Anle Site (Chine): Complete Hill-Type Settlement from 5000 Years Ago
Chinese Institute of Archaeology
From 2013 to November of 2014, in coordination with infrastructure, Zhejiang Provincial Institute of Cultural Relics and Archaeology in conjunction with Anji County Museum conducted the third and fourth consecutive excavations to the Anle Site in Changle village, Anji county, Zhejiang province. With an area of about 2000 square meters, archaeologists cleared up 88 tombs, 28 remains of burnt red earth, 1 house foundation, 13 ash pits and 3 ditches, unearthing abundant pottery, stone tools, jadeware, woodware, and other kinds of relics. According to the remains, they are all from Songze Culture period (ca. 5800-4900 BP).
Overview of the excavation area
The site is about 80 meters’ long, about 40 meters’ wide, with an area of about 4000 square meters in total, including about 1000 square meters where tombs and burnt red earth were concentrated distributed. On the eastern slope of the mountain, there is a ditch (G4), which is on the southwest-northeast direction, filling abundant plant remains, pottery shard, and a small amount of woodware. Thanks to the excavation data, we know that Anle Site is a settlement built around the hill, combining many separate site units.
House foundation F2
The 88 tombs of Songze Culture are mostly on the north-south direction, concentrated distributed. The numbers of funeral objects are from 1 to 3, 5 to 9. Among the pottery funeral objects, there are Ding (tripod), Fu (cauldron), Dou (a high-stemmed shallow saucer with cover on a round base), jar, pot, cup, basin, He (kettle), spinning wheel and etc. A combination of Fu and pot, Ding and pot, Ding and basin, Fu and Dou, Ding and pot, jar and cup and etc can be commonly found as well. Most of the pottery are plain, only few of them were decorated with piled pattern or hollowed-out, with a simple and practical style. Fu cauldron has concave edges, plumped belly and round bottom. Ding tripods are mostly with shovel-shaped feet. The belly of He vessel is vertical and folded, with the handle up-wrapped. Small types of pottery, combination of Fu cauldron and jar, are very distinctive, which were made of brown clay mixed with sand, with flared-mouth and round bottom. A spinning wheel (M47:4), appears caved symbols in the obverse side. The majority of stone tools are adze, as well as some axe. Altogether, there are 60 pieces of jadeware, including Jue (an incomplete penannular ring), Huang pendant, tube, pendant and etc. 19 pieces of jade Jue were found in pairs at the south end of the chamber, including pie-shaped and clip-shaped. 18 pieces of Huang pendant were found, among them, most are half-circle-shaped, few are bridge-shaped. Anle Site is the one which has unearthed the largest amount of jade Jue and Huang ornament; and which is the only one that unearthed sawtooth-shaped Huang of Songze Culture period in Northern Zhejiang province, so far.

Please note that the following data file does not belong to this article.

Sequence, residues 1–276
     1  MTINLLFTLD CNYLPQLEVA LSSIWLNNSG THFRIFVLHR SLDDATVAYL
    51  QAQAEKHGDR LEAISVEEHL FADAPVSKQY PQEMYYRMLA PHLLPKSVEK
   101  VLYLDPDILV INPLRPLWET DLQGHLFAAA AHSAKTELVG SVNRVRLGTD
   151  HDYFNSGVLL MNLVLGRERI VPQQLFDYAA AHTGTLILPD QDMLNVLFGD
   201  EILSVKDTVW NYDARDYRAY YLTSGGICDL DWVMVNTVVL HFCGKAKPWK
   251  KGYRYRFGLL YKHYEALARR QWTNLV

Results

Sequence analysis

Unearthed pottery from tomb M75
Anle Site is a hill slope site surrounded by the hills, also a completely preserved Songze Culture site in Northern Zhejiang province, until now, with a clear site scope and an integration of living and funeral. Various combinations of pottery; back-off Fu, Dou and etc pottery put in the head area; abundant amount of stone adzes; quartz and tremolite nephrite coexisted; mainly Jue and Huang of the jadeware.
The archaeological findings have significance to exploring the hill type and settlement pattern of Songze Culture; to understanding the position of Songze Culture in the change of archaeological culture happened in Northern Zhejiang province; to improving the study of the development of the Songze Culture in the area of Taihu Basin,. (Translator: Wang Jue)